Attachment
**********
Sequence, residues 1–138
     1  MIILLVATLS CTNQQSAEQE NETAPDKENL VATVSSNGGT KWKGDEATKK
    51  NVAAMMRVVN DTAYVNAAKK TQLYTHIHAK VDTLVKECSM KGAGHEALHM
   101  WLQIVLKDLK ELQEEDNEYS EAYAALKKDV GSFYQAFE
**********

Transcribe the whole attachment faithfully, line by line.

Sequence, residues 1–138
     1  MIILLVATLS CTNQQSAEQE NETAPDKENL VATVSSNGGT KWKGDEATKK
    51  NVAAMMRVVN DTAYVNAAKK TQLYTHIHAK VDTLVKECSM KGAGHEALHM
   101  WLQIVLKDLK ELQEEDNEYS EAYAALKKDV GSFYQAFE